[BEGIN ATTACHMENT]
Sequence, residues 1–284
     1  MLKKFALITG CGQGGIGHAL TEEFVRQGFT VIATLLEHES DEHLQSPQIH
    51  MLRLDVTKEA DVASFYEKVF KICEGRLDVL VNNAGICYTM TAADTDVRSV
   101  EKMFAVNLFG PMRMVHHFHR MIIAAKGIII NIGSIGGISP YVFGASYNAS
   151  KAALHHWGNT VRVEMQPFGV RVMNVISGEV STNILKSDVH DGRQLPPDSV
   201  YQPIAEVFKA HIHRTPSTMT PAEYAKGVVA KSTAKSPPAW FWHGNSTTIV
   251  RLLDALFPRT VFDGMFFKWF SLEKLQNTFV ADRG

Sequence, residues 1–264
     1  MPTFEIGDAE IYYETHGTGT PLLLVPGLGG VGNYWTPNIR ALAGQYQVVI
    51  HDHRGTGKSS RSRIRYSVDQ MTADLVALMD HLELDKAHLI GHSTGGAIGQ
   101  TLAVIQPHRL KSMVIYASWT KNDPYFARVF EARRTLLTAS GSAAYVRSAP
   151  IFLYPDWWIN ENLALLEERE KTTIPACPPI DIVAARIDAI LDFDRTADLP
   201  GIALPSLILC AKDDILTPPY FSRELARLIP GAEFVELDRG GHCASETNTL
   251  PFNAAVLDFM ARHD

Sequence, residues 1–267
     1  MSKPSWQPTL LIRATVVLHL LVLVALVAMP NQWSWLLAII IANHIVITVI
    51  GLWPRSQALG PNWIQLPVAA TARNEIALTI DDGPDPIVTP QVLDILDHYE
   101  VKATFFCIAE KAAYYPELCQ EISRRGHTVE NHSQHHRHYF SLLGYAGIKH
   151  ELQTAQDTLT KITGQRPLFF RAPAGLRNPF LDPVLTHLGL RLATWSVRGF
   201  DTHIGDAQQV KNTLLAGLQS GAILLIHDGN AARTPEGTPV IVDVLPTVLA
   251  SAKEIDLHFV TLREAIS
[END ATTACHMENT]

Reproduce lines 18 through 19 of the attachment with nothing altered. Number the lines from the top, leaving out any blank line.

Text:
   101  VKATFFCIAE KAAYYPELCQ EISRRGHTVE NHSQHHRHYF SLLGYAGIKH
   151  ELQTAQDTLT KITGQRPLFF RAPAGLRNPF LDPVLTHLGL RLATWSVRGF